Friday, May 21, 2010

Polish Air Force Tu- 154M crash in Russia latest information!

I discovered the following article by By Simon Hradecky, created Wednesday, May 19th 2010. The article appears to have the most factual information of any I have read so far. 

The Russian Interstate Aviation Committee (MAK) in cooperation with the Polish Accident Investigators published first preliminary results of their investigation stating, that there is no evidence in support of any inflight breakup, inflight fire or any mechanical malfunction prior to first impact with an obstacle 1100 meters before the runway threshold (see the sketch of the impact marks). 

The engines were working until final impact. The Terrain Awareness Warning System (TAWS), the Global Navigation Satellite System (GNSS) and the Flight Management System (FMS, UNS-1D) were working until final impact.

Airfield and navigation facilities were found suitable to receive the aircraft as well as the Polish Yak-40 that arrived 90 minutes prior to the Tupolev.

The cockpit voice recorder revealed, that persons not belonging to the flight crew were on the flight deck about 20 minutes prior to impact. Polish Authorities are working to identify the voices.

The captain of the flight had a total flying experience of 3480 hours, thereof 530 hours on the Tupolev TU-154. The first officer had 1900 hours of flying experience with 160 hours on the Tupolev, the navigator 1070 hours total with 30 on the Tupolev and the flight engineer had 290 hours total flying experience with 235 hours on the Tupolev.

The crew did receive weather forecasts for Smolensk North during the preflight briefing, but did not have the actual weather information. The crew did not have current aeronautical data for the airport nor did they have the current NOTAMs.

The crew interaction was unusual due to the introduction of the navigator. No procedures were available for that type of crew combination and interaction, as the airplane is usually flown with a 3-man cockpit (captain, first officer, engineer) and all training, documentation and manuals were set up only for a crew of three.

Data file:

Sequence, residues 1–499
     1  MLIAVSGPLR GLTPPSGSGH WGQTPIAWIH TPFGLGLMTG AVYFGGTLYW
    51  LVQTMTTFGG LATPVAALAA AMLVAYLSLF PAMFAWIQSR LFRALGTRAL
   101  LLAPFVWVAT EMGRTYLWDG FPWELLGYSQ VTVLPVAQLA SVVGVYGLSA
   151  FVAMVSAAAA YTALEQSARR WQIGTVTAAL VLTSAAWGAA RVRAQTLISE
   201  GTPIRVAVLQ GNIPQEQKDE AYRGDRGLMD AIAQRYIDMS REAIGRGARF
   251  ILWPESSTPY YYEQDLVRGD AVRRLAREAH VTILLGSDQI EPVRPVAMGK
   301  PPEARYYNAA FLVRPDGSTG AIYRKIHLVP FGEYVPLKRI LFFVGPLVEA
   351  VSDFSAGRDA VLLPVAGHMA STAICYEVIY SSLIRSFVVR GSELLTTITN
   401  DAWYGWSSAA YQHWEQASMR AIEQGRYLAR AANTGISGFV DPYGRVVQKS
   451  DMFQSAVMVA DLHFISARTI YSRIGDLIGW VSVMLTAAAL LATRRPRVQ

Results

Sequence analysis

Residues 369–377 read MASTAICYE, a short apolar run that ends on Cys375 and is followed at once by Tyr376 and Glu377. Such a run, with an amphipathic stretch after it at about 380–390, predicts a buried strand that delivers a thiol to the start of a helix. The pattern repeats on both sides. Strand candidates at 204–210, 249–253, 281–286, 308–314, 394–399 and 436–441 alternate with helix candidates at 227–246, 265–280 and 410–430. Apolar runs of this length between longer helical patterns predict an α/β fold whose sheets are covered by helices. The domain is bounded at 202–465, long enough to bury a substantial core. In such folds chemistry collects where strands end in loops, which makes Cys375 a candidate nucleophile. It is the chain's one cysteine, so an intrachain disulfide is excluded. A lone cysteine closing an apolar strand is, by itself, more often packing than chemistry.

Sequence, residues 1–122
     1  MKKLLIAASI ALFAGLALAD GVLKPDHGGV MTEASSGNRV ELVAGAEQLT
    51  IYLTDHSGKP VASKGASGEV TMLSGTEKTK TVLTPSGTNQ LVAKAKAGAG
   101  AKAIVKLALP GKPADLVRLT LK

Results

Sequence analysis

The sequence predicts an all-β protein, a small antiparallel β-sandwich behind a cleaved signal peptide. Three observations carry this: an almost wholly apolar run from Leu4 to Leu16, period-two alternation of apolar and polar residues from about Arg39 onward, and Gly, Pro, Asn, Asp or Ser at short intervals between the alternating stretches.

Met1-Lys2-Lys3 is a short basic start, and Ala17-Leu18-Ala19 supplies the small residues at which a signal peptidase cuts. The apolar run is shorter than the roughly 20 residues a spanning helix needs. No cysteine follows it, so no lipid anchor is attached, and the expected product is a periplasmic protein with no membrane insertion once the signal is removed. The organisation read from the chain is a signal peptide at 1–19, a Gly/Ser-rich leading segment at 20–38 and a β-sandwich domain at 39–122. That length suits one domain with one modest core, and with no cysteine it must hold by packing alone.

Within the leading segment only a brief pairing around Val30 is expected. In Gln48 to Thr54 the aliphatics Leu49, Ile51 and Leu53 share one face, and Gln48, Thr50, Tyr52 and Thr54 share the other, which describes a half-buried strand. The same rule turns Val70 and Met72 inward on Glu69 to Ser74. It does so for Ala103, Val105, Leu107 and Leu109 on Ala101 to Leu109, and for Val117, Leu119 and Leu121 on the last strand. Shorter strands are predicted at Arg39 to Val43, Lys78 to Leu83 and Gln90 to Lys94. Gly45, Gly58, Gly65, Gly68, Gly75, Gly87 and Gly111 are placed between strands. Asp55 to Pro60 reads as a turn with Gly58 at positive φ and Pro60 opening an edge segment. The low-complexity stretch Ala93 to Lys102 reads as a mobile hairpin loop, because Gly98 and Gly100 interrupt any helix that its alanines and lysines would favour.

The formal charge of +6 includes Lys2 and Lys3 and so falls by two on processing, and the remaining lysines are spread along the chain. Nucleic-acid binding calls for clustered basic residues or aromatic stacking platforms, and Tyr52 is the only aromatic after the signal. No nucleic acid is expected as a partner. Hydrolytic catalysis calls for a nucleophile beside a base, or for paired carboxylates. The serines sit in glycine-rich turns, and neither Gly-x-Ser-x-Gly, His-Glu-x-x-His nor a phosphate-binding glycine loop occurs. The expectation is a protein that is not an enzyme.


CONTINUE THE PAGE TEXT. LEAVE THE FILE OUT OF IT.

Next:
The flight departed Warsaw with a delay of one hour (actual departure at 07:27L CET [06:27Z] while departure was planned for 06:30L [05:30Z] and arrival for 09:45L Moscow time [06:45Z]). The crew interacted with air traffic control in Minsk and Moscow in English and communicated with the controller at Smolensk North Airport in Russian.

Minsk Control told the crew during the descent, when the airplane was at about 7500 meters (FL250), that Smolensk reported a visibility of 400 meters due to fog. The crew of the Polish Yak-40, which carried journalists and had already landed at Smolensk Airport 90 minutes prior to the accident, told the crew of the Tupolev 16 minutes prior to the crash, that a Russian Ilyushin 76 had gone around due to a ceiling of 50 meters and visibility of 400 meters. 

11 minutes prior to impact the Yak-40 crew radioed the Tupolev reporting the Russian Ilyushin had gone around a second time and diverted. 4 minutes prior to impact the Yak-40 crew radioed the Tupolev crew again reporting they estimated the visibility to 200 meters only. Smolensk Tower told the Tupolev crew, that visibility was 400 meters due to fog. The crew decided to carry out a "trial" approach to Minimum Descent Altitude (MDA) and then to decide whether to conduct a second approach. The final approach was flown on autopilot and autothrust. 

18 seconds prior to impact with the first obstacle the TAWS alerted "PULL UP! PULL UP!" after it had already warned "Terrain ahead!" prior to this. 5 seconds prior to impact with first obstacles the decision was made to go around and the autopilot was disconnected. 

The airplane first impacted a barrier 40 meters left of the extended centerline of the runway and 1100 meters before the threshold of the runway at an altitude, that was 15 meters BELOW the runway elevation. The third impact with an obstacle, a birch tree of 30-40cm trunk diameter contacted by the left hand wing, 840 meters before the runway threshold and about 80 meters left of the extended runway centerline, led to the first break up of the aircraft in flight, the aircraft rolled inverted and impacted ground 5 seconds later, that final impact occured at 10:41:06L (07:41:06Z). 

Impact forces were estimated in excess of 100G and were not surviveable.

Emergency services arrived at the crash site 13 minutes after the impact and cordoned the area off in a distance of 500 meters around the crash site, 180 personnel and 16 vehicles were on scene. Small fires at the crash site were extinguished 18 minutes after impact.

The airport of Smolensk North had been inspected on March 16th by Russian Experts to determine whether the airport was suitable for receiving Tupolev 134s and Tupolev 154s. The experts found runway 259, lighting, navaids and procedures suitable.

On March 25th test flights were performed which confirmed the suitability of the aerodrome.
On April 5th the aerodrome was again inspected in preparation for the special flights, the MDA was set to the 100 meters AGL (328 feet) with a visibility requirement of 1000 meters.

Specialists were on duty at the airport of Smolenks on April 10th starting at 07:00L to assist the incoming special flights. Those specialists inspected the runway lighting at 08:00L and found it operational with no defects. The lighting was subsequently operated at high intensity, specialists therefore were not able to inspect the lights immediately following the accident, but conducted the examination on April 11th. 

Pilot reports of other aircraft arriving on April 10th and 11th were acquired by the accident commission.
The investigation continues.